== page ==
Meetings have been set with the county school board and the Roanoke Rapids school board. The county is still trying to confirm a date for discussions with Weldon City Schools, County Manager Tony Brown said today.
The first meeting will be held with the county school system on February 5 at 4:30 p.m. at its district office on Highway 301, according to the notice sent today.
The meeting with the Roanoke Rapids board is scheduled for 6 p.m. on February 20 at the media center of Manning Elementary School.
Notice of the meetings come after commissioners decided earlier this month to begin talks about possibly upgrading the current school improvement plan.
Brown said the plan is to sit down with the boards and discuss facility needs and update the plan sometime in the summer. “We want to partner with the schools so we can walk in same steps to get their facility needs and concerns addressed.”
The topics of these discussions will be what Brown described as capital, big ticket items, such as school building issues and renovations.
“This will be very important dialogue between the school boards and commissioners as it relates to long-range facility plans,” board of commissioners Chair Vernon Bryant said. “We just wanted to have an idea of where they’re headed as related to capital and take a look at that.”
Asked about whether Weldon High School would be moved up to the top priority for renovation or new construction both Brown and Bryant said that was a possibility.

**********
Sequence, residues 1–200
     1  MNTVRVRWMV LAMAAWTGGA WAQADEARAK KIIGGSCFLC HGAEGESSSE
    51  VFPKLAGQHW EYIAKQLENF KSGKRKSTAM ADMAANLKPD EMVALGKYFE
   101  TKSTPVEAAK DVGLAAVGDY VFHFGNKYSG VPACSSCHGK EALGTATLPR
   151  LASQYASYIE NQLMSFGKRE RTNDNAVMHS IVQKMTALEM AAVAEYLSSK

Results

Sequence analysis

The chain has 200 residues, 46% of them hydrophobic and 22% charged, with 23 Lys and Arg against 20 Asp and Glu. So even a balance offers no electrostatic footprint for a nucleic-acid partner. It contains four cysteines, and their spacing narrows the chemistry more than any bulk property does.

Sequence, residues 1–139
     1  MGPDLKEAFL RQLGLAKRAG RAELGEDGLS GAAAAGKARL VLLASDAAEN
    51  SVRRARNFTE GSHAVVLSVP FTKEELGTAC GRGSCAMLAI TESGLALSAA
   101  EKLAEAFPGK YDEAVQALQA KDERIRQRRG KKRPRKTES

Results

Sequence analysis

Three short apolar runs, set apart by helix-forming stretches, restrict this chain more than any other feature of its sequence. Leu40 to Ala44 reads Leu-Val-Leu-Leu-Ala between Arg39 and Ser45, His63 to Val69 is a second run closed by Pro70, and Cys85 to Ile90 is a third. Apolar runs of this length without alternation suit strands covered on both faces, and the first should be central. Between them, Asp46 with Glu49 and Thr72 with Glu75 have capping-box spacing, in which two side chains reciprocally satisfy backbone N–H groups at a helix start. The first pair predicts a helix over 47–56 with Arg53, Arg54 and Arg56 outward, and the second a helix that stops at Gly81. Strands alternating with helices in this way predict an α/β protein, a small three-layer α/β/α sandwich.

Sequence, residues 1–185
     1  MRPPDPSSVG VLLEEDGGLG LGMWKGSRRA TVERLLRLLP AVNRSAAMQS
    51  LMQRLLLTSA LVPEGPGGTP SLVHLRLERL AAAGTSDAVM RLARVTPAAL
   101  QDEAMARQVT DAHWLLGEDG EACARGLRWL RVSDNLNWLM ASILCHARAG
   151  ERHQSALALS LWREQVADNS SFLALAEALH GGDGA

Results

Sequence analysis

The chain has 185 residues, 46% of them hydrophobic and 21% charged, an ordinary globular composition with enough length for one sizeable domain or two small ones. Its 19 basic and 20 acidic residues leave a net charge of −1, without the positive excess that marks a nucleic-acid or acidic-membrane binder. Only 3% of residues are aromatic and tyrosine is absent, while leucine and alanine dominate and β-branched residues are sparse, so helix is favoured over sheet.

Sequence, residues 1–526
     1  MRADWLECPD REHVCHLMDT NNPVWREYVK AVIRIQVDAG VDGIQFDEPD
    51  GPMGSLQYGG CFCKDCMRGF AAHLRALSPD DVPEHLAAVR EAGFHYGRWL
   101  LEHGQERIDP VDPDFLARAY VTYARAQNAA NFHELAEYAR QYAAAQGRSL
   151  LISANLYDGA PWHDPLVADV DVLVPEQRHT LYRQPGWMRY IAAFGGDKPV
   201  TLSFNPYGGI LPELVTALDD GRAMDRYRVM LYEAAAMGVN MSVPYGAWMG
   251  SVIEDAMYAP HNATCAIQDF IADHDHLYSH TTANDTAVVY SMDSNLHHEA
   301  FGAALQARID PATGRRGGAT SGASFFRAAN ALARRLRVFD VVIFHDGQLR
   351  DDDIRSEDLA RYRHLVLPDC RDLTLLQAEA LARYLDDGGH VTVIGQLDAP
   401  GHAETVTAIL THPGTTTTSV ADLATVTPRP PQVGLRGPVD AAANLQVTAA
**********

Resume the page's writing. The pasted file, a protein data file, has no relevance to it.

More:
Weldon was second on the list of priorities after discussions of a new Manning school were completed and the facility was opened earlier this month.
‘We have to look at all three,” Bryant said. “The last thing was Manning. We have to look at what’s next on the list. It looks like probably Weldon High School but there will be other things we have to look at. The whole purpose is to find out what their needs are. Even though Weldon High School is a priority, we want to find out the needs of the other districts as well.”
Discussions of reviewing and possibly revising the plan came to light in October when commissioners deliberated on funding a study of the current conditions at Weldon High School and discovery by Commissioner Marcelle Smith some of the schools in the current plan don’t exist.
Commissioners at that meeting agreed to take $38,000 from the county contingency fund to allow the Weldon system to pay for a study which could lead to recommendations on whether the high school should undergo renovations or whether a new school should be constructed.
The $38,000 was the price quoted by Raleigh-based Davis Kane Architects.
The company, in a July 21 letter to County Attorney Glynn Rollins, stated its goal would be to determine whether the school should be renovated or a new building should be constructed on a new or existing site.